A lot of buzz in the soul-patch-o-sphere about Elvis Costello’s recent appearance with Elmo on Sesame Street. I must confess to ambivalence. I’m a devoted fan of both cultural institutions (meaning E.C. and Sesame; Elmo hasn’t earned the designation), and I’ve enjoyed some of the celebrity star turns on PBS’s flagship kids’ show. My problem isn’t with the cognitive dissonance of New Wave’s Angry Young Man doing children’s television, for anyone paying attention since Costello’s marvelously hokey “Spinning Songbook” tour of 1986 knows that E.C. forsook that persona a Zuckerberg’s-lifetime ago and has since embraced mainstream showmanship with humor and élan. (I loved him on Stephen Colbert’s Christmas special.)
It’s the song choice and Muppet choice, I think. That they reached back to the Angry Young phase, and specifically to one of the very first blasts of it—rejiggering the almost-debut 1977 single “(The Angels Wanna Wear My) Red Shoes” and its statement-of-purpose opening line, “Oh, I used to be disgusted/ And now I try to be amused” as “A Monster Went and Ate My Red 2” and “Oh, I want to count to ten now/ But it’s something I can’t do”—well, must every act of cultural transgression eventually be defanged and cutesified? (And with Elmo in E.C. drag, no less?) Personally, I would have much preferred a remake of the 1982 song “Tears Before Bedtime,” both because it lends itself to kiddie interpretation and because, with its weird multi-tracked backing vocals, it already sounds like it’s a duet between Elvis Costello and a bunch of Muppets.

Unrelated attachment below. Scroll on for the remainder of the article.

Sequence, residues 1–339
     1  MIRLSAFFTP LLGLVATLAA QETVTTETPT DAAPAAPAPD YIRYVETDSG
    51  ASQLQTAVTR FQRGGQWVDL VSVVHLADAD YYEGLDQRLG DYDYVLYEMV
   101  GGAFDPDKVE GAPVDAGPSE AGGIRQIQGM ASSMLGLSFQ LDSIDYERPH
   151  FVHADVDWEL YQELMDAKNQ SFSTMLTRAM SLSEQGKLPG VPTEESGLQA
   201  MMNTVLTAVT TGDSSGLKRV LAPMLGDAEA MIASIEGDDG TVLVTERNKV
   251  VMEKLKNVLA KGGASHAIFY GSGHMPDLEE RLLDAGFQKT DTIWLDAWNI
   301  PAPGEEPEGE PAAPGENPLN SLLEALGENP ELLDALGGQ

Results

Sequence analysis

A larger point: It feels like every famous person traipses down the Street nowadays. I rather miss the innate Sesame-ness of the celebrity appearances of my childhood, when it seems that the visitors were always righteous and beautiful black people like Lena Horne and Richard Pryor, dropping by while in the neighborhood to uplift the race. Somehow, the latter-day cameos by the likes of Seth Rogen and Michelle Monaghan just don’t have the same oomph. (Though there is something compelling about the wrongness of Robert De Niro’s legendary master class with Elmo, which upset adult viewers while leaving small children puzzled.)
As much as I understand the universal love for Sesame Street and every decent famous person’s innate desire to appear on it, I’d rather some public figures in the arts remain indisputably of the adult world, never deflating their own mystique by counting to ten or reciting the alphabet in the presence of talking felt. Herewith, a list of well-known people who should never appear on Sesame Street:
Tom Verlaine of the band Television